The Chairperson of the National Commission for Civic Education (NCCE), Kathleen Addy says a new constitution will not guarantee the development Ghanaians want if citizens continue to be less patriotic.
She said for a country with an abundance of laws that are flouted with impunity, a new constitution may not be the solution to its problems.
Rather, there ought to be a change of mindset and mending of old ways.
“Let’s amend the constitution if we must, however, let’s make sure the amendment cures the ills we want to eradicate as a society.
“We are all keenly aware of the many problems plaquing us and we know many of those problems will not be resolved by constitutional amendment,” she said on a media platform
Buttressing her point, Madam Addy said no constitutional reform could guarantee that paid government employees do not extort arbitrary fees before rendering service to citizens.
“We could set ourselves up for great disappointment if we proceed as if constitutional reforms will resolve all the pertinent challenges faced as a people.
“Reform the constitution if you must, but we don’t want it to be another process that gets hijacked by the elite and interest groups with agenda,” she stressed.
Madam Addy underscored the need to chart a road map for a constitutional review that has a multi-partisan and multi-stakeholder approach and insisted that that consideration should influence the process.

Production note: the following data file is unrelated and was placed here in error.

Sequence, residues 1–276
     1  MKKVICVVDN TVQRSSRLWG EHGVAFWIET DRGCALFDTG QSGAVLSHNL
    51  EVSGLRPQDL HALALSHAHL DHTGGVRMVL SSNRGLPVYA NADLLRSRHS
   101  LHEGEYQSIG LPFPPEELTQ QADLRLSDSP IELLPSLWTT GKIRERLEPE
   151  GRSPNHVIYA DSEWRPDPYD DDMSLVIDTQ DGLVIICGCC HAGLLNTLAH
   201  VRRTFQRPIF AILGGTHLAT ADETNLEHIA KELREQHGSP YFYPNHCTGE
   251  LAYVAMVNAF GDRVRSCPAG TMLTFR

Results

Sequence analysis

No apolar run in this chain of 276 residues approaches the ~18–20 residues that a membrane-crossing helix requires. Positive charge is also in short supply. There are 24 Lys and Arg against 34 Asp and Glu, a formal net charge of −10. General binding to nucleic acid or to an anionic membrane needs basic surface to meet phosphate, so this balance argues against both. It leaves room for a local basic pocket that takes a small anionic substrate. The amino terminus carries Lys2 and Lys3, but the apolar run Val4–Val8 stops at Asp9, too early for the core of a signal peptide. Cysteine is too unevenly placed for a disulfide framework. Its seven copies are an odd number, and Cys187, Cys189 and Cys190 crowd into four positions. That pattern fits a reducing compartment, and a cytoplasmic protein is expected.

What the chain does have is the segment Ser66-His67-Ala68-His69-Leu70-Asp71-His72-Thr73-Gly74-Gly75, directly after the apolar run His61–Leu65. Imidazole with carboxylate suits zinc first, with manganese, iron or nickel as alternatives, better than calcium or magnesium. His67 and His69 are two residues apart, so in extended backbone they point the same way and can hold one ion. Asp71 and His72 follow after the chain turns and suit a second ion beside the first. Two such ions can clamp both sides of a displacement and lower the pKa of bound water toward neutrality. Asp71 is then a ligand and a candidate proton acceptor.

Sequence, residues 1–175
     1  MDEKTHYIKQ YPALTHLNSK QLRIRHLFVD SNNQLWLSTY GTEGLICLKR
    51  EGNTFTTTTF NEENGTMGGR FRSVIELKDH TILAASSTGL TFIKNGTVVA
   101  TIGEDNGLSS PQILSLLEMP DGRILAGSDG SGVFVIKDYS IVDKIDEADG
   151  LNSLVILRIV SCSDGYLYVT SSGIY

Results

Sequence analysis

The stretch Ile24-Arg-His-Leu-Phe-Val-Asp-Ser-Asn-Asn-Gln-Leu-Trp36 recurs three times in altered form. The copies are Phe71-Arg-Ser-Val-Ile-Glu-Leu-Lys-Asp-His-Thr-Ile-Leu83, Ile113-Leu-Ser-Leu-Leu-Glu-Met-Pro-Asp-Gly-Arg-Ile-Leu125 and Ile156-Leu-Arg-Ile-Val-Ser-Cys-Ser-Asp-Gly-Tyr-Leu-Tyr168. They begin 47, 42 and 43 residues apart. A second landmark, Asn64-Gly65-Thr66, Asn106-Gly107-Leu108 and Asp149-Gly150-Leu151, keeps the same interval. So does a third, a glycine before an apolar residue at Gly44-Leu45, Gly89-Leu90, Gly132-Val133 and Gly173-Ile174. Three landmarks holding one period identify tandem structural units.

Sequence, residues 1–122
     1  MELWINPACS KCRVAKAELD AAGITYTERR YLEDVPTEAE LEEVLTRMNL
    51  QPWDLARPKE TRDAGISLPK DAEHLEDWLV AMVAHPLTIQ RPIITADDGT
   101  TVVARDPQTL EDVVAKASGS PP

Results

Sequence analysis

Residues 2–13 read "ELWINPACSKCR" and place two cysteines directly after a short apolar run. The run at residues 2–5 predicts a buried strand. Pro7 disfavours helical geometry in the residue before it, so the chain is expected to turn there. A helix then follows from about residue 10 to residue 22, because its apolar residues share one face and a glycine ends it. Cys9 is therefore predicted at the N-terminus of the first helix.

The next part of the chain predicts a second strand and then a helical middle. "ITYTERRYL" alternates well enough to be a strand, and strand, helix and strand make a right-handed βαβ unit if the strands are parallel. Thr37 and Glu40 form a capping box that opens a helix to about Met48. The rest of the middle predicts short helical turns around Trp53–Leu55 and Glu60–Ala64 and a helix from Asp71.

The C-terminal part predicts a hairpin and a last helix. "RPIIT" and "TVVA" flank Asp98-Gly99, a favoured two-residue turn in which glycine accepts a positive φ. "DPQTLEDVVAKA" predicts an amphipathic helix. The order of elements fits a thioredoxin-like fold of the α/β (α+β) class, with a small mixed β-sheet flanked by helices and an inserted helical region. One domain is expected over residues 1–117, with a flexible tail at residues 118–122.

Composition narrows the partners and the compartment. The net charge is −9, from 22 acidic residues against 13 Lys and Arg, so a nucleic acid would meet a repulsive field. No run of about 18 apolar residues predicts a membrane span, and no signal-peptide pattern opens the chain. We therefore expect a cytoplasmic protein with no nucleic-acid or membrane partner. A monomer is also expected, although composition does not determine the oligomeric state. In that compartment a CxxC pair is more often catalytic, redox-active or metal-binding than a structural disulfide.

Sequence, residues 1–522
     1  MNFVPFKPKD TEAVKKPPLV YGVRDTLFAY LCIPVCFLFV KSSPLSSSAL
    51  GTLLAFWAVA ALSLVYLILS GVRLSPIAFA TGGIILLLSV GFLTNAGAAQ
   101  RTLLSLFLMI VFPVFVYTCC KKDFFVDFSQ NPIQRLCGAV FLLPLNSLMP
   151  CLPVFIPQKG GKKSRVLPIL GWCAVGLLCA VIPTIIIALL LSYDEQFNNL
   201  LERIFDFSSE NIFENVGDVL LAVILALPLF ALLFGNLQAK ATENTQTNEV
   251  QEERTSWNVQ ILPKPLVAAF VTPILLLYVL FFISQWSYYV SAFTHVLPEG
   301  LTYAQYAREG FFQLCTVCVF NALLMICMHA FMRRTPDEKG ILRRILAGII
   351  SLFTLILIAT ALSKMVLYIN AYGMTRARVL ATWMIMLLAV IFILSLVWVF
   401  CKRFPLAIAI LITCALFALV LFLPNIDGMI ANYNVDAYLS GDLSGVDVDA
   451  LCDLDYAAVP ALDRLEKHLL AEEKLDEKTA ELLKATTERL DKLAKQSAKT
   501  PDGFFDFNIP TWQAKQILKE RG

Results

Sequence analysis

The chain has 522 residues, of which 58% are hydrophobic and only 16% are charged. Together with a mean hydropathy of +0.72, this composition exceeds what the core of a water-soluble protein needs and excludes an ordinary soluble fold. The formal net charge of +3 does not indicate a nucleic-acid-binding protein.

“If we don’t get those dynamics right, at least the two leading parties plus all the other political parties involved, we will go and move and there would be nothing to build,” she said
Mr Ace Ankomah, a private legal practitioner observed that Ghanaians do not deserve the constitution that they want to amend because they had failed to demand adherence to existing provisions crucial for deepening democracy and transparency.
He pointed out that whilst citizens sat aloof, the political class and other arms of government had been engaged in gerrymandering and adopted a lacklustre approach over the past three decades in implementing certain provisions that would have had an immense benefit to citizens.
These provisions he mentioned included promulgation of spousal right property law, and the modification of loan regime.
“We must sit down and have introspection, how have we bee
n faithful to this document that we want to be changed. If we have not been able to protect it, whatever we do will just be another piece of paper,” he said.
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